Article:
I requested a refund a couple days ago and I have received it already.

    Bottom Line: No, I would not recommend this to a friend

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  • 77 out 81 people found this review helpful

    I have been scammed

    • Denver, Colorado,
    • Apr 13, 2015

    I watched the video with "Dr. William Kemp" twice and then bought the program. After the initial purchase of $48.36 I then purchased a "coaching class" for the same program at $38.07 because I was told that it would help get better results.

    It all sounded so legitimate and since the amounts are relatively small, I assume that hundreds of thousands of people buy this program, since everyone would like to improve, or keep, good vision.

    Unfortunately I did the research AFTER I purchased. Even though I was told that a refund "for no reason" would be done promptly, I cannot find a website or a telephone number for customer service, or anyone I could address my complaint to.

    This seems to be a scam. The video sounds so good and honest -- it is NOT. They are all actors!

    Bottom Line: No, I would not recommend this to a friend

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  • 73 out 76 people found this review helpful

    Definitely a Scam!

    First of all, if you do a search on the Internet and on the VA Medical Licensing directory, there is NO Dr. William Kemp,. There is a Dr. John Kemp who is a respectable optometrist in Canada. His picture looks nothing like the guy on the video.

    Second, he mentioned the army optometrists in passing but gave no actual information about him. I found that suspicious and unbelievable.

    Third, the video had a lot of spelling errors, which could have been corrected when doing the video editing.

    The guy has been seen in other "video infomercials" promoting other products (according to postings by other potential consumers on different forums).

    He gave no actual scientific proof that his so-called method works. Those people who he seemingly pull off the street seemed, to me, to have been just "actors" and not real random pedestrians. Besides, it was absurd that he would make them read from a tablet when he had a full size board behind him, which he was purposely hiding.

    The guy rambled on and on about the wrong doings of the industry, never revealed any useful and provable information, never delivered the free info he promised at the beginning. The video is excessively long and useless.

    By the way, what do 'quantum" memory, speed reading, and whatever the other stuff was have to do with this offer? He wants to get you to buy no matter what. If you are not totally convinced by his long monologue and ridiculous claims, perhaps the "bonus" books might get you to click "Order Now".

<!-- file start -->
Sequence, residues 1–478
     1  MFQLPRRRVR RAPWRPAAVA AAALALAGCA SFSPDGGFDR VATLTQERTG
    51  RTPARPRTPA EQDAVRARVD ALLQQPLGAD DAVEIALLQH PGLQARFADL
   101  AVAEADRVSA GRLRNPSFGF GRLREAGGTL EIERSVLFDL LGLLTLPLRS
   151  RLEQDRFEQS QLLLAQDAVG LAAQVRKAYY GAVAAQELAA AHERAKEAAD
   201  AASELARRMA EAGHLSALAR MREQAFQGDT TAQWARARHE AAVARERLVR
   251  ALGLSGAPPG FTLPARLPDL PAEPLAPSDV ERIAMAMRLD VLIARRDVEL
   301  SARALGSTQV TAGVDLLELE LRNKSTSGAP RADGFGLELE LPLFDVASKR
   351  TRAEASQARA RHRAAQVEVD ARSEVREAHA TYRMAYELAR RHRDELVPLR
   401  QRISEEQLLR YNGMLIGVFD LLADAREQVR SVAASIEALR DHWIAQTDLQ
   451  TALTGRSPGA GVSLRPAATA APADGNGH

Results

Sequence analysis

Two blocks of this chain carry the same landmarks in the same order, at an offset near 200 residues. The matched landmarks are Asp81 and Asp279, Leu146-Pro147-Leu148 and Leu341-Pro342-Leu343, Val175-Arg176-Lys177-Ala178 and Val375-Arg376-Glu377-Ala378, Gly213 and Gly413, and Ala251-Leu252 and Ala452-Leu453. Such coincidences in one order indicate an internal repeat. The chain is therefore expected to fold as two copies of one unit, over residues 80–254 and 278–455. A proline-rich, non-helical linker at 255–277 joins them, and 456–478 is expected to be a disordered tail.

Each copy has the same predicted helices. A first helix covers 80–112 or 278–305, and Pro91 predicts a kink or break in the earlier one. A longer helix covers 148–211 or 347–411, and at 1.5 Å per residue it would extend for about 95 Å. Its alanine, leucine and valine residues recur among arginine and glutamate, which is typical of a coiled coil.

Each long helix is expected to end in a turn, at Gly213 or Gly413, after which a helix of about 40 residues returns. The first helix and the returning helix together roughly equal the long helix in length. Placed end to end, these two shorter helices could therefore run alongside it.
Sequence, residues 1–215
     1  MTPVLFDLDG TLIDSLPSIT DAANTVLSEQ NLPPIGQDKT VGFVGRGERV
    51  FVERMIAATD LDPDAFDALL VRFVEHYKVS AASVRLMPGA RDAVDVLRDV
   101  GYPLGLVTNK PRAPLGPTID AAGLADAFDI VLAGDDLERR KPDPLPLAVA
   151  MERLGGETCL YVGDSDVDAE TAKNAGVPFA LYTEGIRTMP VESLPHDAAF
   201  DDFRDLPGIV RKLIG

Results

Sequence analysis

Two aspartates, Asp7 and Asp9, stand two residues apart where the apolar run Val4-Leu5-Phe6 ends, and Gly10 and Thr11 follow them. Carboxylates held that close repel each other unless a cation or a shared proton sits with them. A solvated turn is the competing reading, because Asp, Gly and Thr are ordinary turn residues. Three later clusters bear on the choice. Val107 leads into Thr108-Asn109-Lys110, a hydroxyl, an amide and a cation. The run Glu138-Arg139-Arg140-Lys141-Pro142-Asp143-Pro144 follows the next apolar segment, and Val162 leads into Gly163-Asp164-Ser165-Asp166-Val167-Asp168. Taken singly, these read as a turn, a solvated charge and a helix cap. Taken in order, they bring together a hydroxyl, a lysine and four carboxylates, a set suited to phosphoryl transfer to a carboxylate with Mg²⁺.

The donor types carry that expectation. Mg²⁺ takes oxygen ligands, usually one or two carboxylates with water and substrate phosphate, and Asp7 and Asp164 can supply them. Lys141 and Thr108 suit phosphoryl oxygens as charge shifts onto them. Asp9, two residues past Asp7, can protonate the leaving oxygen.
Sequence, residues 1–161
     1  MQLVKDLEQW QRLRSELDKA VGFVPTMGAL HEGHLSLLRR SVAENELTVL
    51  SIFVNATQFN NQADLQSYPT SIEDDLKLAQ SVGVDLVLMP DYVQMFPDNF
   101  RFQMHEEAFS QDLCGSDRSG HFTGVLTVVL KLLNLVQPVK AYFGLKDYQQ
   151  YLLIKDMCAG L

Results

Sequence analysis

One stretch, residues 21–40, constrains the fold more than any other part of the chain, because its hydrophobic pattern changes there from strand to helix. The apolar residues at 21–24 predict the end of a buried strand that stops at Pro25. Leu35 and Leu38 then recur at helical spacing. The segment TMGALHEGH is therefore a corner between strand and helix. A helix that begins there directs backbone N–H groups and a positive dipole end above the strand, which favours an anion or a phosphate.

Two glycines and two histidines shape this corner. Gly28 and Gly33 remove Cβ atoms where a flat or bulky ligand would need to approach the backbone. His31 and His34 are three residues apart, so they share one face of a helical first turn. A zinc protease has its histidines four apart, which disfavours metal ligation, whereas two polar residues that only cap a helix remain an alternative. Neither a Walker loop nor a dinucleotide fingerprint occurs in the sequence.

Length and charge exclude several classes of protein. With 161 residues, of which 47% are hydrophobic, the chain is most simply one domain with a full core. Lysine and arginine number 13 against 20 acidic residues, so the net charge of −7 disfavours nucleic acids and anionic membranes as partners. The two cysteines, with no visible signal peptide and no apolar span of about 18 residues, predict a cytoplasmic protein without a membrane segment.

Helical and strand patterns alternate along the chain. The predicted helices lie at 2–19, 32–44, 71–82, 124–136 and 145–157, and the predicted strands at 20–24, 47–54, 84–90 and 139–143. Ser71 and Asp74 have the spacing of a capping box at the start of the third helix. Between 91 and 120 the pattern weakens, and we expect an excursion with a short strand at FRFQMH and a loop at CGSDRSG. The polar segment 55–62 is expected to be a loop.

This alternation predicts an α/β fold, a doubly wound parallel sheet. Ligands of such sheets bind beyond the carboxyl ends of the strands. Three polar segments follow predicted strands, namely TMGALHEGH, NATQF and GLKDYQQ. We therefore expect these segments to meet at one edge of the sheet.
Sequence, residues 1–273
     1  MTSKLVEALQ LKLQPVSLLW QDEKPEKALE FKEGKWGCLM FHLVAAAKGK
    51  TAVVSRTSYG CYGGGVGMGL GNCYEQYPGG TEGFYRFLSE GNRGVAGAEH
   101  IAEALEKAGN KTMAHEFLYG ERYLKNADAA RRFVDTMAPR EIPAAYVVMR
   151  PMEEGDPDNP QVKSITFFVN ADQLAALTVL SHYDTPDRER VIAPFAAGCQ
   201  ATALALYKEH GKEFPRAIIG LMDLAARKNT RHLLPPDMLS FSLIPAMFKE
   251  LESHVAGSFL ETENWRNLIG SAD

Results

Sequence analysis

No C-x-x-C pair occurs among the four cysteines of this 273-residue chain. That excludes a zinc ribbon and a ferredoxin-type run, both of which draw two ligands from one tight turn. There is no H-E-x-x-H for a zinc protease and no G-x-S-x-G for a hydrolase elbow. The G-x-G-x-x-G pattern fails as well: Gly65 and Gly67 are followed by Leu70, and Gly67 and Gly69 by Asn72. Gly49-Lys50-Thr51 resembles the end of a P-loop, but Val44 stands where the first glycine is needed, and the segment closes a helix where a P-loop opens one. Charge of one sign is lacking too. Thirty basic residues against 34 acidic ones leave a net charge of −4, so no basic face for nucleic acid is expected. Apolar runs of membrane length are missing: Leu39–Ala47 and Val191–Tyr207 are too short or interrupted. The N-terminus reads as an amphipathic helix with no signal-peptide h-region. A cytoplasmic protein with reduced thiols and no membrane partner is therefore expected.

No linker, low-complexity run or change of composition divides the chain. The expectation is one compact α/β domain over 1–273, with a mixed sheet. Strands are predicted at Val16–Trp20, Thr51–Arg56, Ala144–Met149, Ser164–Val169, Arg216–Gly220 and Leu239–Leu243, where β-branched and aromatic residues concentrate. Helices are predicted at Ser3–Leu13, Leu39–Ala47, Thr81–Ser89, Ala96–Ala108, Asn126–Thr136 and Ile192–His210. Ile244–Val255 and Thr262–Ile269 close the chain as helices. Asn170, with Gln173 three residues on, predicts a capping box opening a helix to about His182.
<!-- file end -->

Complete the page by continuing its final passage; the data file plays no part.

There are many other "signs" that this is a scam. I even did a search on Clickbank and could not find it. It seems that it was taken out.

    In sum, when I hear claims that seem too good to be true (and the Internet is full of them), I do my research before spending a penny. My research includes confirming the credentials of the speaker, researching forums and articles like this one to see what other regular people are saying. There are many fake sites that scam artists put together with false positive reviews. I do freelance writing and, on more than once occasion, I have been approached by Internet scammers offering to pay me to write a positive, promotional article or, even reviews, for what they are offering. I decline every time but I know that other starving writers might not. So, be careful with believing everything you see posted on little known and hardly monitored forums and articles sites. Do your homework before spending your hard earned money or falling victim or identity theft through scams like this one.

    Bottom Line: No, I would not recommend this to a friend

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    • Apr 9, 2015

      Collin Byrne

      The most significant issue that I have with this obvious scam is that the clickbank.net domain and website is hosted on a server in Singapore. That is a major red flag.

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  • 50 out 53 people found this review helpful

    If it sounds too good to be true it is a scam!

    • Clearwater, FL,
    • Apr 4, 2015

    I thought for $27, what the heck. Thought I was getting a book. No, you have to download it and you can't even do that. I kindly asked for a refund per their 60 day money back promise and got no reply. I entered a dispute with credit card company. Don't do it!

    Bottom Line: No, I would not recommend this to a friend